I was inspired by Tom Brown (in comments on the last post) to attempt to understand broader measures of money with the information transfer model. The first baby steps had me starting from this post on Nick Rowe's model of the money stock. I graphed the price level using the "implied" monetary base by the Fed's interest rate target (i.e. using r = f(NGDP, MB) to solve for MB) in blue, alongside the best price level fit to MZM (money with zero maturity, which the Fed tends to regard as the money stock) in red:

It seems to match up well enough that there might be something to it, but I quickly realized that this must be due to MZM being a better model of interest rates than the currency component of the base ("M0") ... here it is (the old fit in terms of M0 is light blue, while MZM is dark blue):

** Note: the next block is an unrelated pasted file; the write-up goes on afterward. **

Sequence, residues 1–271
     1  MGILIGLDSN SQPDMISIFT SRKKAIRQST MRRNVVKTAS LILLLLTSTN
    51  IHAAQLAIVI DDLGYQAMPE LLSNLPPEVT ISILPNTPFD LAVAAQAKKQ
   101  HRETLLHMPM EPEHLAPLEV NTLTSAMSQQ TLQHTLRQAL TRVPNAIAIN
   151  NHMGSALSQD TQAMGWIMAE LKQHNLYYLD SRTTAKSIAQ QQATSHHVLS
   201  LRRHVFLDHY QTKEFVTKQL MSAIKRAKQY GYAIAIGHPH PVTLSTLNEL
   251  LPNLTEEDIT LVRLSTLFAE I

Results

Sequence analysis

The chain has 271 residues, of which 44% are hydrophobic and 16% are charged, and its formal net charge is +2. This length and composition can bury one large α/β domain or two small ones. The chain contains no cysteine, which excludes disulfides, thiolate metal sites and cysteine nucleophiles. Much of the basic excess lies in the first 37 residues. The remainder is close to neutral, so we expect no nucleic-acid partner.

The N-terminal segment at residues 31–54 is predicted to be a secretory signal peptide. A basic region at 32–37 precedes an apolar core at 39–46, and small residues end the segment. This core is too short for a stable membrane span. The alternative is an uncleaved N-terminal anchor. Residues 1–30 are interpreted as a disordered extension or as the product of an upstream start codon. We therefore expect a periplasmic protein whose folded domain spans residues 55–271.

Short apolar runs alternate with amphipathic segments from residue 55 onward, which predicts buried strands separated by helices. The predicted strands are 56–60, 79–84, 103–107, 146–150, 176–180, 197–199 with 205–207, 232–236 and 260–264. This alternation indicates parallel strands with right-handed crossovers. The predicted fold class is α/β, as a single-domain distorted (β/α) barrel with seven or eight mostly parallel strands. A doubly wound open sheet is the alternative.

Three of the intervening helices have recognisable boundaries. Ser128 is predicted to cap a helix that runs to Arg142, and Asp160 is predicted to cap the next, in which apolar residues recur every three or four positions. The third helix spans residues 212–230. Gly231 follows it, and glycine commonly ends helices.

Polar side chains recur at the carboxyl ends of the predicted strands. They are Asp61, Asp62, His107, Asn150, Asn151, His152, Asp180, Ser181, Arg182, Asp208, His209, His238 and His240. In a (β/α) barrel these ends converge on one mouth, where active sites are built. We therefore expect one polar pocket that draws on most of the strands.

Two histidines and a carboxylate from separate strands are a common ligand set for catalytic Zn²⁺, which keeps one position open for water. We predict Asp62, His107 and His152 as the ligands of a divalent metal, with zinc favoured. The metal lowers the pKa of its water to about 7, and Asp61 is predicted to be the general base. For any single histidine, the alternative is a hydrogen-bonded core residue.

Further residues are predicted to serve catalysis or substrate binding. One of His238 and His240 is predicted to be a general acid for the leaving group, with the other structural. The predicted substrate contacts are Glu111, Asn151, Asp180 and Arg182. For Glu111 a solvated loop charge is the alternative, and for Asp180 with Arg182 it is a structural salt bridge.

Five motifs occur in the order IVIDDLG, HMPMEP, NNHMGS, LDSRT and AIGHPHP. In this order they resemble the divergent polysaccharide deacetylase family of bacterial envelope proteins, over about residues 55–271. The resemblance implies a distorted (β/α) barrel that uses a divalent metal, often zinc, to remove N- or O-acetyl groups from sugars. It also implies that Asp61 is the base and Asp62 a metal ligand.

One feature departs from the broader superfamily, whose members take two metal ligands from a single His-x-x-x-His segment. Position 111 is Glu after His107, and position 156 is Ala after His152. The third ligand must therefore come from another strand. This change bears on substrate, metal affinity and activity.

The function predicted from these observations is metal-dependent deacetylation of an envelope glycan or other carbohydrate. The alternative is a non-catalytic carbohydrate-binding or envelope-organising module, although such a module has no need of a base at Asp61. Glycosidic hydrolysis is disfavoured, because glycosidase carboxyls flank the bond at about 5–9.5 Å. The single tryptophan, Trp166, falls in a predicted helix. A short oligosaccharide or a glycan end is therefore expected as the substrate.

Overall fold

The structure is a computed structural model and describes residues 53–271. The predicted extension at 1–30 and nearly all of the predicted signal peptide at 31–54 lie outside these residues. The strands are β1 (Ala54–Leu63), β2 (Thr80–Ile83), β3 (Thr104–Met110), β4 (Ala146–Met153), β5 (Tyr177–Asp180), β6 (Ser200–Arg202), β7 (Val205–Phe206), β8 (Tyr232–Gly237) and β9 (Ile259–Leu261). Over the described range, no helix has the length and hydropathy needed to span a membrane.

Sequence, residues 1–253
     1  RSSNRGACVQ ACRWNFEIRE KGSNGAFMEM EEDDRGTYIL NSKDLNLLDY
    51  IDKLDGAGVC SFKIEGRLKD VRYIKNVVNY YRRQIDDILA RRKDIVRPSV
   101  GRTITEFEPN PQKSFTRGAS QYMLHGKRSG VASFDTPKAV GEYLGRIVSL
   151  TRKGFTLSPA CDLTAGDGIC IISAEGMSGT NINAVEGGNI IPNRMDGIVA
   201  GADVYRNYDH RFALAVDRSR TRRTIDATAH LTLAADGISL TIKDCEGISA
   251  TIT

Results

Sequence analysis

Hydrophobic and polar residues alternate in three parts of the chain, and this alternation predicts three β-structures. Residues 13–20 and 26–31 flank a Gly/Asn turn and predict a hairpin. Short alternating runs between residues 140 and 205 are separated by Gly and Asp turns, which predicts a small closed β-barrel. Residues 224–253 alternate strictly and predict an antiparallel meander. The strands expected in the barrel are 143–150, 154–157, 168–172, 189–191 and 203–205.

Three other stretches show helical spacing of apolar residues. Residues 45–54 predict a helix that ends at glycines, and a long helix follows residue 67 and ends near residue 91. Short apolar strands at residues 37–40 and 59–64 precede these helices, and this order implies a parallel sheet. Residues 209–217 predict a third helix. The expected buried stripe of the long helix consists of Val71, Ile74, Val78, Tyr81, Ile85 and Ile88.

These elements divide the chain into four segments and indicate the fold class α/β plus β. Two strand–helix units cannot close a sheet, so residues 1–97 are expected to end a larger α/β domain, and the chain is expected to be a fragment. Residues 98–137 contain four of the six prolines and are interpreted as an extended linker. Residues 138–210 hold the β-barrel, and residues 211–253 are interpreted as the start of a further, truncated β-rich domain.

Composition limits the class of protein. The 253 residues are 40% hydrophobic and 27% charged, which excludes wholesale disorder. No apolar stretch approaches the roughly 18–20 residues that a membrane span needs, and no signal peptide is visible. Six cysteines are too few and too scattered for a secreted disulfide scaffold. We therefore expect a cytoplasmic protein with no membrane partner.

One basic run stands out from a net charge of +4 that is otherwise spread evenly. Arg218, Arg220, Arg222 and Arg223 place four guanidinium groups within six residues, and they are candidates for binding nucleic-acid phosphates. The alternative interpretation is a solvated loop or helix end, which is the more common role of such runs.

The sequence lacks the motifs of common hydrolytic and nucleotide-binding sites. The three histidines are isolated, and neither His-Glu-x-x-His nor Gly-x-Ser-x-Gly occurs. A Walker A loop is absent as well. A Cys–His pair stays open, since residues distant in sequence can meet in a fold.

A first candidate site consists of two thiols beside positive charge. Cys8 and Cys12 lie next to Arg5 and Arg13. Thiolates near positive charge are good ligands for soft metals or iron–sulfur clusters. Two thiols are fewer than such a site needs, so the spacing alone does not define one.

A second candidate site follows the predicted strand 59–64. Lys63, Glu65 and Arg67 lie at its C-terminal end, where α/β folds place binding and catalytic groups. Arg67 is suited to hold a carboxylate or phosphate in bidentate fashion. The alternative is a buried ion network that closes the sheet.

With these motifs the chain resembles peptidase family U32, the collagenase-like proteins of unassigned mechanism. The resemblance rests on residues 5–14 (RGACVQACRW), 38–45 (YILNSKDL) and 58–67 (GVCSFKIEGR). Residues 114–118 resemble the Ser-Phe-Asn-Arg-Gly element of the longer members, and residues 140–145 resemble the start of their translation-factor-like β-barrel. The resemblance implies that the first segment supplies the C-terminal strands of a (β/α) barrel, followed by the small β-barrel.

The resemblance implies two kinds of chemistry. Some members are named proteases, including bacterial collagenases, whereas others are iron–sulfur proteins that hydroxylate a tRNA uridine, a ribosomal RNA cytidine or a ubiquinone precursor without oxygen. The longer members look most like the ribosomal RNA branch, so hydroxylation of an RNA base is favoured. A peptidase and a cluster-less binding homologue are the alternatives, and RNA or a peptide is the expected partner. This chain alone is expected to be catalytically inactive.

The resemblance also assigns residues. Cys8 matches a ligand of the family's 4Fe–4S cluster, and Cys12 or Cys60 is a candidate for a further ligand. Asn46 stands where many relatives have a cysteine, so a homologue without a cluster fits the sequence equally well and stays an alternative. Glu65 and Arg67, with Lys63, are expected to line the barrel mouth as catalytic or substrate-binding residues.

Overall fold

It's not immediately obvious this is a better model if we just look at the model errors (again M0 is light blue, while MZM is dark blue):

However, if we look at the histogram of the errors, we can see the significant skew in the M0 model [1] vanishes in the MZM model.

Overall, it seems MZM is more strongly linked to interest rates than M0. I'm still working on the link between MZM and M0 themselves. One idea is that difference between MZM and M0 fills the gaps in the bound -- see footnote [1] below. This might tie in to the law of reflux being discussed by Nick Rowe and David Glasner (we'd think of MZM as caulk filling in the gaps between the empirical interest rate and the rate given by the bound).

[1] This skewing is potentially due the fact that M0 makes a good bound on the 10-year interest rate (in log space). There would be a tendency for the actual interest rate to fall below the model result (you can at most get all of the information from the source -- communication breakdowns always mean less information):

Hey Jason... I just now noticed this! Thanks for reference... ...looking for ward to reading it!

ReplyDelete